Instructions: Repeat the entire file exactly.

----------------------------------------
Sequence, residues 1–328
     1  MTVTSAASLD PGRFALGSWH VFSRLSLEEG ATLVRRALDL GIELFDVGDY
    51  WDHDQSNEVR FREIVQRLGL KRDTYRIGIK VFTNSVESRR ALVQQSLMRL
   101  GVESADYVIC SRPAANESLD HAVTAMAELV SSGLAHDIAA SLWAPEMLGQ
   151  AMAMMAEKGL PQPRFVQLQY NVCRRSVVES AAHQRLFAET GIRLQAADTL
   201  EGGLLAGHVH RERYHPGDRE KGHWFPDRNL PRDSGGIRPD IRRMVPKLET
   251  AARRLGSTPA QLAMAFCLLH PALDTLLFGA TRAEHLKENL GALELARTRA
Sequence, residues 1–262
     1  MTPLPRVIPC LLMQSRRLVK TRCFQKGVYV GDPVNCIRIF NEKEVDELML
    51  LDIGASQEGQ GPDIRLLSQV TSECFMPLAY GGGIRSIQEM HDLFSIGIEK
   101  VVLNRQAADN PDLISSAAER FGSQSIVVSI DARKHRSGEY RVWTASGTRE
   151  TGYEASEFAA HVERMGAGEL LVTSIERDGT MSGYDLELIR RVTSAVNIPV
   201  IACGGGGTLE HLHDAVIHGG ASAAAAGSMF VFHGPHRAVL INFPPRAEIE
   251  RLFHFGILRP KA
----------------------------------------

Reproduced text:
Sequence, residues 1–328
     1  MTVTSAASLD PGRFALGSWH VFSRLSLEEG ATLVRRALDL GIELFDVGDY
    51  WDHDQSNEVR FREIVQRLGL KRDTYRIGIK VFTNSVESRR ALVQQSLMRL
   101  GVESADYVIC SRPAANESLD HAVTAMAELV SSGLAHDIAA SLWAPEMLGQ
   151  AMAMMAEKGL PQPRFVQLQY NVCRRSVVES AAHQRLFAET GIRLQAADTL
   201  EGGLLAGHVH RERYHPGDRE KGHWFPDRNL PRDSGGIRPD IRRMVPKLET
   251  AARRLGSTPA QLAMAFCLLH PALDTLLFGA TRAEHLKENL GALELARTRA
Sequence, residues 1–262
     1  MTPLPRVIPC LLMQSRRLVK TRCFQKGVYV GDPVNCIRIF NEKEVDELML
    51  LDIGASQEGQ GPDIRLLSQV TSECFMPLAY GGGIRSIQEM HDLFSIGIEK
   101  VVLNRQAADN PDLISSAAER FGSQSIVVSI DARKHRSGEY RVWTASGTRE
   151  TGYEASEFAA HVERMGAGEL LVTSIERDGT MSGYDLELIR RVTSAVNIPV
   201  IACGGGGTLE HLHDAVIHGG ASAAAAGSMF VFHGPHRAVL INFPPRAEIE
   251  RLFHFGILRP KA